Attached to Georgiou's Second Motion for New Trial was a report by Dr. Breggin (the "Breggin Report"). In the Breggin Report, Dr. Breggin analyzed various documents relating to Waltzer's sentencing hearing, including the Lizzi Report, the Presentence Investigation Report and Waltzer's letter to the sentencing court. Dr. Breggin stated, inter alia, that "[g]iven Mr. Waltzer's bipolar disorder, cocaine abuse, alcohol abuse, and exposure to Paxil, Xanax and other psychiatric drugs in the period 1995 to 2006-2007, he would be unable to accurately testify about events involving Mr. Georgiou during that period of time. At the least[,] he is a very unreliable individual." (Breggin Report at 18, Sept. 16, 2010.)

This Court filed a sealed Memorandum and Order on November 9, 2010 ("November 9, 2010 Memorandum"), denying Georgiou's Second Motion for a New Trial and Motion for Reconsideration. Georgiou was, subsequently, sentenced by this Court on November 19, 2010, to a total of 240 months imprisonment and ordered to pay restitution in the amount of $55,832,398.00. Georgiou filed this instant Third Motion for New Trial on December 23, 2010, and also filed a Notice of Appeal in the Third Circuit Court of Appeals on December 29, 2020 appealing our denials of his prior Motions for a new trial. Georgiou has requested the Court of Appeals to stay this appeal until the instant Motion is resolved by this Court. In a letter dated March 9, 2011 to this Court, the Government wrote that "While the government believed that the most appropriate procedural course for the defendant to take was to file his Notice of Appeal only after this Court ruled so that the case would not be pending in both courts simultaneously," it recognized that Rule 4(b)(3)(B) of the Federal Rules of Appellate Procedure "may allow this Court to consider his motion." The Government stated further that "since the motion will have to be resolved on the merits at some point in time, the government requests that this Court decide the matter on the merits, rather than deciding the matter on procedural grounds." We grant such request and will decide the Motion on its merits.

II. STANDARD OF REVIEW

Federal Rule of Criminal Procedure 33 states that "[u]pon the defendant's motion, the court may vacate any judgment and grant a new trial if the interest of justice so requires." Fed. R. Crim. P. 33. "Whether to grant a Rule 33 motion lies within the district court's sound discretion." United States v. Ortiz, 182 F. Supp. 2d 443, 446 (E.D. Pa. 2000) (citation and quotation marks omitted). In evaluating a Rule 33 motion, the court does not view the evidence favorably to the government, but rather, exercises its own judgment in evaluating the government's case. United States v. Johnson, 302 F.3d 139, 150 (3d Cir. 2002). Nevertheless, "[t]he burden is on the defendant to show that a new trial ought to be granted." United States v. Clovis, No. 94-11, 1996 U.S. Dist. LEXIS 20808, at *5 (D.V.I. Feb. 12, 1996).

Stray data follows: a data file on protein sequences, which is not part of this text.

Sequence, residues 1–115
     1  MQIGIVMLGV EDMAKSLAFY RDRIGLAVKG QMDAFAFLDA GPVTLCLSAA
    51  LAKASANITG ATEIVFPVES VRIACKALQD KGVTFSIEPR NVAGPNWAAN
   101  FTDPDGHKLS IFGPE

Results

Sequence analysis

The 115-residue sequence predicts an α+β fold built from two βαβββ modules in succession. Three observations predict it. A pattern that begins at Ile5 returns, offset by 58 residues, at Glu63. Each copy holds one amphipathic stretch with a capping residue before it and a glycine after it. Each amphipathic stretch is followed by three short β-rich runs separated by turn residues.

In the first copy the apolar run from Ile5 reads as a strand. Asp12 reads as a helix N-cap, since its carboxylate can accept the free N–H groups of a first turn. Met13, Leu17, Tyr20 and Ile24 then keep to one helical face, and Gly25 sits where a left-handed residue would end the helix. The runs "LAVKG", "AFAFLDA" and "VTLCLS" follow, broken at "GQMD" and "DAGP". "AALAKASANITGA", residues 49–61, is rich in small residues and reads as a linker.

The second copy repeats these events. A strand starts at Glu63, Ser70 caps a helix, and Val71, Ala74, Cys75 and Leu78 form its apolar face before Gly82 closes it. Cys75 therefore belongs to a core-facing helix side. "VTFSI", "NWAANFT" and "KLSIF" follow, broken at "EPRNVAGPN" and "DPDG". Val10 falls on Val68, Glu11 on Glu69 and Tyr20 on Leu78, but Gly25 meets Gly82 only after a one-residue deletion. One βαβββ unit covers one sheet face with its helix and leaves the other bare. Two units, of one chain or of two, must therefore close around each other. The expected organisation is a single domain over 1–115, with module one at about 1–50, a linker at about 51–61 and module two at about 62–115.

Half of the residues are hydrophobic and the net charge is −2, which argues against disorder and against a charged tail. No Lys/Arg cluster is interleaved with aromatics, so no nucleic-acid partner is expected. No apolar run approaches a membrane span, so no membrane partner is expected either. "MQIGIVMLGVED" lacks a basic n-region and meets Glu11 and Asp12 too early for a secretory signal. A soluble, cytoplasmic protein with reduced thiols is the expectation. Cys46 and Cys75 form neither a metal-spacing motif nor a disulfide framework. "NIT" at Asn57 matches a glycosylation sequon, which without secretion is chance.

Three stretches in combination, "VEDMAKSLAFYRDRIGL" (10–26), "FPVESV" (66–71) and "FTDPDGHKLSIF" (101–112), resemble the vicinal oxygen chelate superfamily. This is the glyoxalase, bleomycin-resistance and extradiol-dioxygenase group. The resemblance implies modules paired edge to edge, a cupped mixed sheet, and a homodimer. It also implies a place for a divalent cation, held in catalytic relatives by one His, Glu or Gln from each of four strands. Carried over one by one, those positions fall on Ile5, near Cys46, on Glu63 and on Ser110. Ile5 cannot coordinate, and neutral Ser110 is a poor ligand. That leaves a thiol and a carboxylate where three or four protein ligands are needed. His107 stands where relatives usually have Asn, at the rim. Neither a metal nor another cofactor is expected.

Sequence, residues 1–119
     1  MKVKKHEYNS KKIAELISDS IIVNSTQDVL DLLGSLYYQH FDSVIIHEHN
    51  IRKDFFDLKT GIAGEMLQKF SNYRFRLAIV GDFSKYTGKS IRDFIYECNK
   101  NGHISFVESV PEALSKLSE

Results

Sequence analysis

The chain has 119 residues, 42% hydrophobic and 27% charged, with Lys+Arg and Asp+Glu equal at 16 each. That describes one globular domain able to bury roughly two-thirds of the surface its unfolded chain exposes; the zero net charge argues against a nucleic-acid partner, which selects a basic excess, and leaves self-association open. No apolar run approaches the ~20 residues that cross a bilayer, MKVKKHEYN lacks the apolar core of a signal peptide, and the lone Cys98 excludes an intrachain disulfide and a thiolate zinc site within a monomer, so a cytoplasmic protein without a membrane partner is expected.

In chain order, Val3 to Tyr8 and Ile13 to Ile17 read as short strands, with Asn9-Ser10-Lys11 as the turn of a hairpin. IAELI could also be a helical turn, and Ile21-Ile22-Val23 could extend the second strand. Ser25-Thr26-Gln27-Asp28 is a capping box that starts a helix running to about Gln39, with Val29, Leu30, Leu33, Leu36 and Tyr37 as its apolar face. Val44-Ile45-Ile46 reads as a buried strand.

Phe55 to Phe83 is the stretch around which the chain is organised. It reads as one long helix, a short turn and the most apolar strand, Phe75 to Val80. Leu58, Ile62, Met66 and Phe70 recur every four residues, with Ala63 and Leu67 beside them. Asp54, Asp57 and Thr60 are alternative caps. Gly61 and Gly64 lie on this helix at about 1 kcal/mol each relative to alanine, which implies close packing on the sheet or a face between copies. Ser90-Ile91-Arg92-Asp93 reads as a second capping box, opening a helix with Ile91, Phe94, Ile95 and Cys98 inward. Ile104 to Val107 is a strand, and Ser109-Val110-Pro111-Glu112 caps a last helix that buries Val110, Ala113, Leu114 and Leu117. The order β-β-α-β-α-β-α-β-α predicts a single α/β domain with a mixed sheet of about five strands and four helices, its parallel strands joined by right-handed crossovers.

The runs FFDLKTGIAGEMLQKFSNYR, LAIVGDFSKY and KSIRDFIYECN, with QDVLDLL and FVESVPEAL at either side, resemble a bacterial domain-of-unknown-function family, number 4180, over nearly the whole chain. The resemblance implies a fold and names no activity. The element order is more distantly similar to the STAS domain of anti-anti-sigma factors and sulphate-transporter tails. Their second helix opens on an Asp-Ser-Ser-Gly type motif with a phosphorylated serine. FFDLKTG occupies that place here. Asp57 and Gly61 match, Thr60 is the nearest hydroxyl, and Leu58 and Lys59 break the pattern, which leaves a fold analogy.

A court must grant a motion for new trial if it finds that there were cumulative errors during the trial that, "'when combined, so infected the jury's deliberations that they had a substantial influence on the outcome of the trial.'" United States v. Copple, 24 F.3d 535, 547 n.17 (3d Cir. 1994) (quoting United States v. Thornton, 1 F.3d 149, 156 (3d Cir. 1993)). However, even if the court "believes that the jury verdict is contrary to the weight of the evidence, it can order a new trial 'only if it believes that there is a serious danger that a miscarriage of justice has occurred -- that is, that an innocent person has been convicted.'" United States v. Silveus, 542 F.3d 993, 1004-05 (3d Cir. 2008) (quoting Johnson, 302 F.3d at 150).

III. DISCUSSION

1. Electronic Evidence

In this Motion, Georgiou outlines the series of communications between his trial counsel and the Government requesting all "Brady material, all emails, PINs, documents, and recordings that Waltzer had in his possession or provided to the government directly or indirectly involving him." (Third Motion for New Trial, Ex. C- H.) The Government responded to trial counsel that it had produced "all Brady and Giglio*fn7 material in our possession relating to all government witnesses . . . ." (Third Motion for New Trial, Ex. I.) Georgiou's current counsel, Michael Bachner, Esq. ("Bachner"), states in a Declaration that from the cell phone records that the Government produced, the defense was able to discern that the Government and Waltzer were exchanging phone calls, emails, and/or PINs and text messages, with particular frequency around the time of the sting operation. (Bachner Decl. at ¶¶ 3-4.) Georgiou asserts that, consequently, his defense team requested any additional phone-related discovery that was available, and any instructions that Waltzer received around the times he recorded conversations with him. Georgiou further maintains that his counsel "specifically pressed the government on, among other things, what it meant by all Waltzer phone records 'in its possession'; whether additional records would be forthcoming; the instructions given to Waltzer during his undercover operation; and whether Waltzer ever failed to follow instructions." (Third Motion for New Trial, Ex. K.) Georgiou asserts that in response, the Government stated that it had "provided all Waltzer phone records in our possession"; was "not aware of any Waltzer phone records that will become available"; and has "no additional discoverable information to provide concerning" the defense's request for instructions to Waltzer. (Third Motion for New Trial, Ex. K.)